Wiley Coyotes in Winnetka and North Shore Suburbs

By
Real Estate Agent with Baird & Warner Real Estate

CoyoteAfter reading about the tragic death of a young folk singer in Canada from an attack by two coyotes, I am reminded that these wild animals should be treated with caution and never, ever fed.  These amazing animals have been thriving in our urban/suburban environement.  Because they look like the famiily dog, well-meaning people can sometimes forget that coyotes need to be left to fend for themselves.  This is for their protection as well as ours.

Experts say this this type of attack is extremely rare.  In order to keep facts in perspective, there are 4.7 million  dog bites every year - with 1000 people every day needing treatment in emergency rooms.  Meanwhile, some other statistics about coyotes:

  • about 1 person per year is bitten by a coyote in California
  • between 1993-1997 seven people were bitten by coyotes in Arizona
  • The best estimates assert that, in recorded history, there have been 20 to 30 coyote attacks on humans that resulted in injuries

What is more common are coyote attacks on pets - such as Jessica Simpson's small dog Daisy being snatched by one in California.  Numerous small dogs have been killed by coyotes in their own yards.

The reason I am writing about coyotes is because they live among us, primarily here in Glencoe and Winnetka.  As I am a regular runner on the Green Bay Trail in the early mornings, I have often been treated to a fleeting glance of a coyote as it disappears into the brush.  On our nightly walks after dinner, my husband and I occasionally see one walking on the Metra rail tracks. 

Our dog is always leashed on walks - primarly to avoid the dreaded skunk spraying, but also to prevent a run-in with a coyote.  Our dog weighs about 40 lbs., perhaps too large for a coyote attack, but why take the chance.  Recently, a coyote was seen walking by Hubbard Woods School in Winnetka broad daylight as neighborhood dogs, confined in their yards with invisible fences, barked hysterically.  I would not have believed it except I saw it myself.

Use common sense if you see a a coyote and remember:

  1. Coyotes prefer not to be seen by humans
  2. Urban coyotes are more active at night than their rural cousins
  3. They actually do us a favor by eating rodents that we don't want around
  4. Don't leave your pet's food outside
  5. Keep cats inside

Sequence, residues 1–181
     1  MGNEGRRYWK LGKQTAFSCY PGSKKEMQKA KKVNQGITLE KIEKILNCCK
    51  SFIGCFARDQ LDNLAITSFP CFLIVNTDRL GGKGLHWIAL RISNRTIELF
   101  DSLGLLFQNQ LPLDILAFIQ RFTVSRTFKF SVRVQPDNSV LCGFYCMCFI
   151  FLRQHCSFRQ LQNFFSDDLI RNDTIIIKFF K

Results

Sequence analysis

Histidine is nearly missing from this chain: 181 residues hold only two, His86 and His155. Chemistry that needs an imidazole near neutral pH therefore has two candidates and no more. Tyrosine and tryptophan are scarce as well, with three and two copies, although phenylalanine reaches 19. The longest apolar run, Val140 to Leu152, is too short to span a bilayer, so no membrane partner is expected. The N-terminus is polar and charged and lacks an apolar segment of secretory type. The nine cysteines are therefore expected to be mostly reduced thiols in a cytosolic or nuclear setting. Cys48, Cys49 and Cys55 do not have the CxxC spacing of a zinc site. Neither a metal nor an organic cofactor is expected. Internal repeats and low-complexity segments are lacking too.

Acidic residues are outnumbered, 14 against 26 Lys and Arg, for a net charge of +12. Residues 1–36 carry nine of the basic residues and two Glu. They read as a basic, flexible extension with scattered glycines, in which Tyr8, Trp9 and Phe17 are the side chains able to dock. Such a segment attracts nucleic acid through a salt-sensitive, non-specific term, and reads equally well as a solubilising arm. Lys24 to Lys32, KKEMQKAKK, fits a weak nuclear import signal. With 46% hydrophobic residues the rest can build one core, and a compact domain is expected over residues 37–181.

6. Keep your dog on a leash
  7. Don't let pets out at night unless accompanied

Coyotes are here to stay - remember the rules and you and your pets will remain safe.

Posted by

Margaret Goss - Winnetka & North Shore Real Estate Broker
Specializing in homes for sale in Winnetka, Wilmette, Kenilworth, Northfield, Glencoe, Glenview, Northbrook & Evanston.

Looking for a knowledgeable Illinois Realtor?  Google me! 
 

Margaret Goss Facebook Margaret Goss Google+Margaret Goss TwitterMargaret Goss LinkedInMargaret Goss Pinterest

 

 Chicago North Shore Communities Map:


View Chicago North Shore in a larger map

 

 

 

 

 
close

This entry hasn't been re-blogged:

Re-Blogged By Re-Blogged At
Topic:
Real Estate General Information
Location:
Illinois Cook County Winnetka
Groups:
Realtors®
Midwest Rainers
Chicago-Northern Illinois Real Estate
Chicagoland and Northern Illinois Real Estate
Chicago Area Real Estate BUZZ!
Tags:
winnetka
glencoe

Post a Comment
Spam prevention
Spam prevention
Show All Comments
Anonymous
Anonymous

These things are all over the place (I'm in middle Tennessee). They are also a real danger to pets. On the other hand, I wish one would grab the two neighborhood cats who have decided my flower beds are their toilets and that my bird feeders are their buffet.....

Oct 31, 2009 05:19 PM #1
Ambassador
1,828,770
Cindy Jones
Integrity Real Estate Group - Woodbridge, VA
Pentagon, Fort Belvoir & Quantico Real Estate News

I don't live where there are coyotes but we do have foxes.  They make quite a racket when they are out yipping at the night and have killed a couple of feral cats that were in the field behind my house.

Oct 31, 2009 05:28 PM #2
Anonymous
Geet Frommage

I do enjoy hunting the critters- only due to the fact that we have a overly large population of them. But, yes, they can be dangerous to small pets or children.

Oct 31, 2009 05:53 PM #3
Rainmaker
622,229
Margaret Goss
Baird & Warner Real Estate - Winnetka, IL
Chicago's North Shore & Winnetka Real Estate

Steve - now that  you mention it, the neighbors have a little yapper that I wouldn't mind a coyote grabbing . .

Cindy - there are also foxes here, but much fewer in number

 

Oct 31, 2009 06:15 PM #4
Rainmaker
722,411
Gene Mundt, Chicago-area Mortgage Lender - www.genemundt.com
NMLS #216987 - New Lenox, IL
708.921.6331 - 37 yrs experience

Margaret:  My wife and I have noticed while at our home in Galena, that our number of wilder critter sitings has definitely grown.  We always saw the deer and wild turkey but are now seeing fox and coyote much more often.  Your reminder, that while exciting to see this portion of nature, they remind wild and unpredictable.  Especially important to know and undertand as their populations grow.  Thanks ...

Gene  

Nov 01, 2009 01:10 PM #5
Rainmaker
312,553
Lori Churchill Cofer
Beasley Realty - Pullman, WA
Realtor - 509-330-0086 - Pullman, WA

Margaret ~ We have them here too in Pullman....and they do prey on pets...you are wise to keep yours leashed...

Nov 02, 2009 06:10 PM #6
Post a Comment
Spam prevention
Show All Comments
Rainmaker
622,229

Margaret Goss

Chicago's North Shore & Winnetka Real Estate
Have a Question About the Chicago North Shore?
*
*
*
Spam prevention

Additional Information